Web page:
Readers may remember Rosales as the architect behind an ambitious, pricy proposals for a "wave bridge" at Portland, Oregon. That design eventually came to nothing, with Rosales replaced by a different architect, Donald MacDonald. Essentially, Rosales' preferred option was decided to be way too expensive for a large-span light rail bridge.
His* latest designs comprise six options for a much shorter, lighter structure, a 27m span opening footbridge across a harbour breakwater (pictured, right). There are two double-leaf bascule designs, two bobtail swing bridges, a very unusual single-leaf bascule, and a curling bridge.
(*I'll follow the Plain Dealer in attributing the designs essentially to Rosales, as there isn't much evidence of the contributions of his collaboratoring consulting engineers, Schlaich Bergermann and Wilbur Smith Associates.)
The designs are out for public consultation, with the City of Cleveland looking to narrow the six options down to two. They have a handy report [PDF] adding technical detail to the pretty pictures.
The choice of opening bridge types seems a little odd, but may be driven by site constraints which include a height limit due to a nearby airport. There's no lifting bridge option presented (although they are very difficult to make attractive), and for a footbridge span of 27m, I'd expect a single-leaf bascule to be the obvious choice, as it can be designed to have low operating costs while opening quickly, and they give the possibility of combining low maintenance with interesting aesthetic choices (see the recent Foryd Harbour Bridge design competition for two examples).
Twin bascule leafs are more difficult to operate and maintain, requiring mechanical interlocks to stitch the two leafs together in the closed position. These are vulnerable to dirt and jamming, especially where the geometry will exaggerate the problems of thermal expansion, as is the case on both Rosales' twin-leaf options, which are cranked or curved in plan (pictured, left).
Rosales seems to have made little or no effort to counter-balance either the bascule or the swing bridge options, which adds to operating cost and decreases operating speed. The swing bridge options (pictured, right) may alleviate this somewhat, as they are back-stayed cable-stayed bridges, but only at the cost of failure-prone rotating mast-heads (because the forestays rotate in plan while the back stays don't move).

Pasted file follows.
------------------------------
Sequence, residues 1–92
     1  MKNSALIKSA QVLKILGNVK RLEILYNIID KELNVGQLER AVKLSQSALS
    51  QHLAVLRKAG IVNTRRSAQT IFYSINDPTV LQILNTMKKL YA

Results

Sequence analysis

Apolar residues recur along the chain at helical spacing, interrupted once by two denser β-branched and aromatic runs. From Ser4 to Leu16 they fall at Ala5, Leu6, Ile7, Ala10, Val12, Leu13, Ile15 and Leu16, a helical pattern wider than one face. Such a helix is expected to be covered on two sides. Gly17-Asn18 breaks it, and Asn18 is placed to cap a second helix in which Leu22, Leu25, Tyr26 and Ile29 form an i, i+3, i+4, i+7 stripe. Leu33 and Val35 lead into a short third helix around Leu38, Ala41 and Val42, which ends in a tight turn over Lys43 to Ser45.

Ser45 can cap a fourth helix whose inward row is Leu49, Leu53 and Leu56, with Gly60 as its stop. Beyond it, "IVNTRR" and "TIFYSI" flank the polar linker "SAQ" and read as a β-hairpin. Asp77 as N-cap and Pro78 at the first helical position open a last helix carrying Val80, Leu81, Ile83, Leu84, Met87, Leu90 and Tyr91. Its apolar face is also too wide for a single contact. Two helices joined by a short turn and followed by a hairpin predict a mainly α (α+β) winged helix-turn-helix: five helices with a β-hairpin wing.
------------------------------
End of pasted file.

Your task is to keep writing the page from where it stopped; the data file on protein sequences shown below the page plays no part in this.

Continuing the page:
Even more odd is the fact that three of the designs (all the bascules) are drawbridges. In a conventional opening bridge, the deck is moved directly by a pinion or hydraulic ram mechanism - only the lifting bridge is normally moved indirectly, by cables. To reduce fatigue stress in the cables, they pass over large-diameter sheaves, which are hard to hide in an aesthetically pleasing way.
However, in a conventional lifting bridge, the cables and machinery are only stressed while the bridge opens - in the closed position, the deck sits on fixed supports. (The lifting bridge also has the advantage that the deck is generally counterweighted). This would not be true of Rosales' drawbridges, as visually you would expect the back stay (which is also the draw cable) to be required to support loads even while the bridge is closed. This would imply that the mechanical elements are permanently subject to fluctuating load, and the consequences of mechanical failure are all the more significant (not to mention the difficulties of maintaining the equipment). I'm sure there are ways of addressing these issues, but I'd think there are very good reasons why virtually no modern opening bridges are drawbridges.
So far as I know, the layouts shown for the bascule and swing bridges are therefore essentially without precedent, which ought to give the City of Cleveland a few concerns over likely maintenance and operational problems.
I'm not convinced that the bridge selection process adopted by Cleveland will lead to the best solution. The lead designer has discarded every conventional design option before the public are consulted, so their choice is between six challenging, high-maintenance designs, none of a type which has been built before. Since there are more economical solutions which can still be designed as landmark structures, this seems a little odd.
Cleveland have a survey online where you can choose your favourite of the six design options. I tried really hard to choose one, but I dislike them all pretty much equally. What do others think?